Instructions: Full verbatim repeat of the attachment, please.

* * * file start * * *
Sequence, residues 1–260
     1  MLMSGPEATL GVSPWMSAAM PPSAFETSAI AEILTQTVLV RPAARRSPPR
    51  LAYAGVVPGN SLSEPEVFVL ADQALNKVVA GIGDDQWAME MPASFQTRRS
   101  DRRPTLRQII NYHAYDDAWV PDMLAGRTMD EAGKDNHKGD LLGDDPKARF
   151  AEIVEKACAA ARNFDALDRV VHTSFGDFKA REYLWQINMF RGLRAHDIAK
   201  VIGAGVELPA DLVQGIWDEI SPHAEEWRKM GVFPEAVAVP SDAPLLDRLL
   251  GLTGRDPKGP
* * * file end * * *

Sequence, residues 1–260
     1  MLMSGPEATL GVSPWMSAAM PPSAFETSAI AEILTQTVLV RPAARRSPPR
    51  LAYAGVVPGN SLSEPEVFVL ADQALNKVVA GIGDDQWAME MPASFQTRRS
   101  DRRPTLRQII NYHAYDDAWV PDMLAGRTMD EAGKDNHKGD LLGDDPKARF
   151  AEIVEKACAA ARNFDALDRV VHTSFGDFKA REYLWQINMF RGLRAHDIAK
   201  VIGAGVELPA DLVQGIWDEI SPHAEEWRKM GVFPEAVAVP SDAPLLDRLL
   251  GLTGRDPKGP